Pain Of Salvation: In The Passing Light Of Day – album review

painofsalvationinthepassingPAIN OF SALVATION

IN THE PASSING LIGHT OF DAY

Inside Out

CD/2CD mediabook/DL/2LP vinyl

Released 13th January 2017

The promise of a return to their more acclaimed heavier progressive sound is a cause for celebration indeed, especially considering the gestation of an album which might possibly have never been.

Some say every cloud has a silver lining. Ha! A life threatening illness involving flesh eating bacteria in hindsight might be more B-movie sci-fi fayre, yet the experience, the feelings and the emotions are what drove POS’s Daniel Gildenlow to use his brush with mortality  to fire up his muse for his band’s breathtaking re-emergence for their first album for five years.

Fans who have bided their time through the ‘Road Salt’ albums and the re-issue of the masterful ‘Remedy Lane’ will need to gird their loins for an exhausting trip verging on a white knuckle ride  through the deep and dark personal journey crafted from the Gildenlow experience. And despite the brutality and passion which coats the music, there’s a philosophical slant, pondering over the passage of time and the journey through life, talking of “the hope of tomorrow, the hope of change no matter how frail and naive that hope may be.”

As they say on their Twitter profile, POS lie  “somewhere in the brave chaos of The Beatles, Faith No More, Jesus Christ Superstar, Jeff Buckley and Melodifestivalen: that’s where you find Pain Of Salvation.” And the rest.  There’s no shortage of what Pain Of Salvation do best as ‘On A Tuesday’ sets the tone with a daring and uncompromising ten minutes of gripping and frenzied intensity yet peppered with moments of serenity. The first single ‘Meaningless’ provides a subtle introduction to a more accessible side, one which will feel immediately more comfortable alongside some of it’s more challenging partners.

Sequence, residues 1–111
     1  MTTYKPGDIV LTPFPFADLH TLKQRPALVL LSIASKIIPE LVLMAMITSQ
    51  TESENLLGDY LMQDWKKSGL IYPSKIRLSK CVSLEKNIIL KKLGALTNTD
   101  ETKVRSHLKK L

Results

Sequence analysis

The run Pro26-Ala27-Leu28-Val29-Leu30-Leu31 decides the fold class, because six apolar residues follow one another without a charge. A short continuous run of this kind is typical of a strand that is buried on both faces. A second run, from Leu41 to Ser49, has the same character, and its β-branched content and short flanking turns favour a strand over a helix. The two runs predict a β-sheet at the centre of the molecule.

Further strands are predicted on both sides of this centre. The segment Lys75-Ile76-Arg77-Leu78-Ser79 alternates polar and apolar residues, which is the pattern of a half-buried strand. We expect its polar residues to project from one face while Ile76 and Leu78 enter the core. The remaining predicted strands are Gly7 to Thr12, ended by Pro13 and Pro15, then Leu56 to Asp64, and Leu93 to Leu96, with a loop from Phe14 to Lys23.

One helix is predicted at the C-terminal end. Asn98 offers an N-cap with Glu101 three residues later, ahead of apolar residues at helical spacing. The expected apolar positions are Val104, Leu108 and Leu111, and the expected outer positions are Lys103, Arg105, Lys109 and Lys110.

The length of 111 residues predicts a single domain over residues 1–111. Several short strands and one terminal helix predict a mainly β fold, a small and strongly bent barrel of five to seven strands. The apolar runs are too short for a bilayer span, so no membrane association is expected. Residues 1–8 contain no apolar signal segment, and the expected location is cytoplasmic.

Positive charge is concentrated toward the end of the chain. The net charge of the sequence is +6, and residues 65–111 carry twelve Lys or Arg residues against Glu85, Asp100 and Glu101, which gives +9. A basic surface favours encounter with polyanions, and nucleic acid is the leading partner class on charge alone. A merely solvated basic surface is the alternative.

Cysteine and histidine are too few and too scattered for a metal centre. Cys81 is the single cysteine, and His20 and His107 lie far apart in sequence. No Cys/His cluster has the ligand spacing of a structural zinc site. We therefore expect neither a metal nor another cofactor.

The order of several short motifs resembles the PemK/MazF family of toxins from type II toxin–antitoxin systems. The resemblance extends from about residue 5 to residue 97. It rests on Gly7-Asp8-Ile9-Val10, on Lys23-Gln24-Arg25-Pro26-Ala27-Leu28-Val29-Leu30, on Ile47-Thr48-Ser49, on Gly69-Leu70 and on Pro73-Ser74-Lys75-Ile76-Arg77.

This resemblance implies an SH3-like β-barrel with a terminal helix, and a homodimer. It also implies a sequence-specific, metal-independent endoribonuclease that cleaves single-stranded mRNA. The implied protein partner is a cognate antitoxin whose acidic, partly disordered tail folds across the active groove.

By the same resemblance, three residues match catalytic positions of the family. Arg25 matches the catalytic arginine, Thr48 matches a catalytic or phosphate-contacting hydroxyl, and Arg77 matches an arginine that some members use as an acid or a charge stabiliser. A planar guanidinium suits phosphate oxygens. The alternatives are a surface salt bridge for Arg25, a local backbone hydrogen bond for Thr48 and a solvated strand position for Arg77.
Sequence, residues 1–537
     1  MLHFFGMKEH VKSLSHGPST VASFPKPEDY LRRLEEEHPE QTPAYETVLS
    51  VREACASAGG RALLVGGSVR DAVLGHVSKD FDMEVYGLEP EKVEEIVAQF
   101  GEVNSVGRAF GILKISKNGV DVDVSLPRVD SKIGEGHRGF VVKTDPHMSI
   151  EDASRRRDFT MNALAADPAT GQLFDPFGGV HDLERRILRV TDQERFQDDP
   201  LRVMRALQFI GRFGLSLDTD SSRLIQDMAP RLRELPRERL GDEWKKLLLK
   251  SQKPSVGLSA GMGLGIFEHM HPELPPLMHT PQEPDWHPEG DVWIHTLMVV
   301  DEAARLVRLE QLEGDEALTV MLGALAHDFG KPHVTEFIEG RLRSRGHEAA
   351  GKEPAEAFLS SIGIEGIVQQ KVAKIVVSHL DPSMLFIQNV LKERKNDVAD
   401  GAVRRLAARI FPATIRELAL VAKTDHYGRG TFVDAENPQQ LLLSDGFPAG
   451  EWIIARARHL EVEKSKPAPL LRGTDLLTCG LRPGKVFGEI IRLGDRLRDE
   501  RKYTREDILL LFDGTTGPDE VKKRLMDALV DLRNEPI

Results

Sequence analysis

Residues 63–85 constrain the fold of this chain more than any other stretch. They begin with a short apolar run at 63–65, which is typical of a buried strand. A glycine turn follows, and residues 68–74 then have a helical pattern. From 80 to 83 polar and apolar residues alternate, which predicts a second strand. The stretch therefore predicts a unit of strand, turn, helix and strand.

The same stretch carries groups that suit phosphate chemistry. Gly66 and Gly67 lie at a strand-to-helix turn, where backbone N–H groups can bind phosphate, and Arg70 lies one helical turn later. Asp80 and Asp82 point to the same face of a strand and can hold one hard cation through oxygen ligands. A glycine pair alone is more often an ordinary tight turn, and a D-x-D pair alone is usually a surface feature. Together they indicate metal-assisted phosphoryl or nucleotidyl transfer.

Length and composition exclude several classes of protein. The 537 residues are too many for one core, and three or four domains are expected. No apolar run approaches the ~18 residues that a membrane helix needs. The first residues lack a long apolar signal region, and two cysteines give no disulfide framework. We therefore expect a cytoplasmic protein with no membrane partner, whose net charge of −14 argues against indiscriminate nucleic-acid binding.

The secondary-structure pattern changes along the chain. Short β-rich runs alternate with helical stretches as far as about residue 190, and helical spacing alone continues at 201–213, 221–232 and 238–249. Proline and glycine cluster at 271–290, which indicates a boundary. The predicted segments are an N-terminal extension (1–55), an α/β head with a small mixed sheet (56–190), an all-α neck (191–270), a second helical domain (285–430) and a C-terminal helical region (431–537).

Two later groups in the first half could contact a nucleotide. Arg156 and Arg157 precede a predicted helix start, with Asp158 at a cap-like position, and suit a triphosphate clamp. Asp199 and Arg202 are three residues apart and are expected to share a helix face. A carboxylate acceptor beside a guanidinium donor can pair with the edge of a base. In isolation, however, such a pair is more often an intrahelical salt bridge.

Deserving  the sort of  thorough lyrical analysis which fans will love to delve into, the superb pairing of ‘Angels Of Broken Things’ and it’s blinding solo with the slow burning and brooding hypnotic train of thought explored in  ‘The Taming Of A Beast’, capture the essence of both a bleakness and an acceptance of inevitability. What will be will be –  leading to the thought that ‘In The Passing Light Of Day’ while not being their swan song may well be Pain Of Salvation’s definitive statement.

‘If This Is The End’ might make some of  Roger Waters work  sound like a tea party  until a typically startling dynamic shift shakes you back into consciousness, many will find their  attention is drawn to the fifteen minute title track whose pondering first half develops into a more intense close to bring things full circle and find closure on a musical journey for which the term ‘cathartic’ could have been invented. The passing light of day, maybe more a case of the  light at the end of the tunnel, proves dazzlingly bright.

You can watch  ‘Reasons’ from the album here:

The Pain Of Salvation website is at : http://www.painofsalvation.com/

They are  also on Facebook  and tweet  as @thebestofpain

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All words by Mike Ainscoe. You can find more of Mike’s writing on Louder Than War at his author’s archive. He can be found on Facebook and his website is www.michaelainscoephotography.co.uk

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